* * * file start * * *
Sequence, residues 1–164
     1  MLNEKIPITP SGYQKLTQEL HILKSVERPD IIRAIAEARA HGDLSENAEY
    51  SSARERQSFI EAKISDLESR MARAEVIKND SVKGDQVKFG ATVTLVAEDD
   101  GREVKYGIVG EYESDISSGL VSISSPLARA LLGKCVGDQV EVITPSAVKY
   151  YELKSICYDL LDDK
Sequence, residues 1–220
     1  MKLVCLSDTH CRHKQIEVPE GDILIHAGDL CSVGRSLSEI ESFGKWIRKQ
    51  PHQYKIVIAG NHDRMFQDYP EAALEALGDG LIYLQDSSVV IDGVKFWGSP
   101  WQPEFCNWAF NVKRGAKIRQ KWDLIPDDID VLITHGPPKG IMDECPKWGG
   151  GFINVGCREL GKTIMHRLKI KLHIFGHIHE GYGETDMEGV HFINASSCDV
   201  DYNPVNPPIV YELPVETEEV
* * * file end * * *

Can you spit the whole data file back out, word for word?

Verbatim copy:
Sequence, residues 1–164
     1  MLNEKIPITP SGYQKLTQEL HILKSVERPD IIRAIAEARA HGDLSENAEY
    51  SSARERQSFI EAKISDLESR MARAEVIKND SVKGDQVKFG ATVTLVAEDD
   101  GREVKYGIVG EYESDISSGL VSISSPLARA LLGKCVGDQV EVITPSAVKY
   151  YELKSICYDL LDDK
Sequence, residues 1–220
     1  MKLVCLSDTH CRHKQIEVPE GDILIHAGDL CSVGRSLSEI ESFGKWIRKQ
    51  PHQYKIVIAG NHDRMFQDYP EAALEALGDG LIYLQDSSVV IDGVKFWGSP
   101  WQPEFCNWAF NVKRGAKIRQ KWDLIPDDID VLITHGPPKG IMDECPKWGG
   151  GFINVGCREL GKTIMHRLKI KLHIFGHIHE GYGETDMEGV HFINASSCDV
   201  DYNPVNPPIV YELPVETEEV